As part of this collaboration, USP and NIST will conduct an interlaboratory study in which multiple laboratories will measure these critical quality attributes and their results will be compared and analyzed. This will contribute to the standardization of measurement methods and the development of physical reference materials that will improve measurement consistency across the industry. The study will take two to three years to complete.

“There is great level of synergy between the organizations engaged in this collaboration,” said Fouad Atouf, USP vice president of global biologics. “NIST’s long-standing experience with measurement sciences and USP’s established role in the application of measurement to the development of methods and associated reference standards is a great combination to advance the field of testing of biopharmaceuticals. NIIMBL provides the appropriate collaborative platform and access to the right stakeholders.”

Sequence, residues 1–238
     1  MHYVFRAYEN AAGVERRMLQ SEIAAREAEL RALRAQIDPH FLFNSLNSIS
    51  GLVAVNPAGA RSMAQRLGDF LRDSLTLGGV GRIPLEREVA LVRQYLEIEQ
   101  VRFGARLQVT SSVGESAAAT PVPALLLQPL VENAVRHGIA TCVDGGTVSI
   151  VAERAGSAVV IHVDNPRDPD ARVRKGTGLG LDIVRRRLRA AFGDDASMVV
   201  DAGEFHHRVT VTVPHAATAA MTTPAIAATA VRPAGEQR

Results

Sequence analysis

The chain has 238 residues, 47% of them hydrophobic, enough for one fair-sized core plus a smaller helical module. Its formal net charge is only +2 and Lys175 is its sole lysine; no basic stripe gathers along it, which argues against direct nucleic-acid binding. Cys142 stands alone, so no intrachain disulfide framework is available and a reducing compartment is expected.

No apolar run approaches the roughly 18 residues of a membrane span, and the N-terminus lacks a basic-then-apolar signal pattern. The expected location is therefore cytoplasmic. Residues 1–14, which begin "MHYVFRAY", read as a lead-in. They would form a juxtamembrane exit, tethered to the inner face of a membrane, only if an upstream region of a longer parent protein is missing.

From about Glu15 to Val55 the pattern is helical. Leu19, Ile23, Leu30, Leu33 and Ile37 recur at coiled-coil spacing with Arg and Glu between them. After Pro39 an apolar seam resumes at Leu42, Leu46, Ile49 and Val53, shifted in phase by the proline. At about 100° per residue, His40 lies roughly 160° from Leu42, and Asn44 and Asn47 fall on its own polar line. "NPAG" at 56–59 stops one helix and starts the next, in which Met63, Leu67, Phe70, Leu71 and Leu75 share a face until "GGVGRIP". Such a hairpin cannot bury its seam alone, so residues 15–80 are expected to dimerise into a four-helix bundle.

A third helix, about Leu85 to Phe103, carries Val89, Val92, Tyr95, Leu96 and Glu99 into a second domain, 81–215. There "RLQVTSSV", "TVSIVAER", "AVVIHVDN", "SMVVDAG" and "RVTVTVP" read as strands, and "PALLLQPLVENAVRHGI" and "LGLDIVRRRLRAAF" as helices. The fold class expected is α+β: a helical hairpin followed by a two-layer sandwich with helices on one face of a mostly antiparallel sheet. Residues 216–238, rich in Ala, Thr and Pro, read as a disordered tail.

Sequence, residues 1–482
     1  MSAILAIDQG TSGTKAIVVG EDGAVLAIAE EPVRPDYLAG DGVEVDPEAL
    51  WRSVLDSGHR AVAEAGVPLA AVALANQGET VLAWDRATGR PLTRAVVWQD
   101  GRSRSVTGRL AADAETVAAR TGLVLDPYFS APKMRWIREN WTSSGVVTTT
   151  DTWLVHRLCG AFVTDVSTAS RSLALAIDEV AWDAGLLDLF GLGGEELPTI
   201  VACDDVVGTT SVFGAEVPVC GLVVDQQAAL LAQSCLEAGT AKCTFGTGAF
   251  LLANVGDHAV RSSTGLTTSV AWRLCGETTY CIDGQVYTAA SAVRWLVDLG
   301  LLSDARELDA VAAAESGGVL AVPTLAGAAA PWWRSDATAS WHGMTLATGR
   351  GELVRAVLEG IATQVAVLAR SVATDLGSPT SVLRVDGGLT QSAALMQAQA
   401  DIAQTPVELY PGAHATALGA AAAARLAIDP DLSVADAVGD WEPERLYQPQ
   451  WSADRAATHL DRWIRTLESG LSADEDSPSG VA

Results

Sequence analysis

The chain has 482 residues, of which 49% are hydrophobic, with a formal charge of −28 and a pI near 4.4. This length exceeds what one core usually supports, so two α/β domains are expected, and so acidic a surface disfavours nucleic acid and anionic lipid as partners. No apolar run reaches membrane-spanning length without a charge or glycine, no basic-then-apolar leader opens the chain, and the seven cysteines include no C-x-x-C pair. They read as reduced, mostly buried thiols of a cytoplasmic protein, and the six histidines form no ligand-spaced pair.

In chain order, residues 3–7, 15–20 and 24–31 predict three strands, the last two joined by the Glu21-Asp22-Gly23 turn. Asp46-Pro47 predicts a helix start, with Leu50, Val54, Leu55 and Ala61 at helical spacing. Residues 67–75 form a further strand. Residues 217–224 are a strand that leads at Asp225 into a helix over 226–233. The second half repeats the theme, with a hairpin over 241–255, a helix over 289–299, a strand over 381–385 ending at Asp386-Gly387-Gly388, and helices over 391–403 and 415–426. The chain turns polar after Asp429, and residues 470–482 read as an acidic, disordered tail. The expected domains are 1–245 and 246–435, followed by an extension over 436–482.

“This work will help build trust in the quality of AAV,” said NIST research scientist and chemical engineer Wyatt N. Vreeland, who will be leading the NIST component of the collaboration. “And it will support the development of promising new gene therapies that will greatly improve peoples’ lives.”

About NIST

The U.S. Department of Commerce’s National Institute of Standards and Technology (NIST) promotes U.S. innovation and industrial competitiveness by advancing measurement science, standards and technology in ways that enhance economic security and improve our quality of life. NIST supports the biomanufacturing sector by improving measurement science for the accurate and reproducible characterization of a wide range of processes and products and through the development of reference materials and interlaboratory comparisons.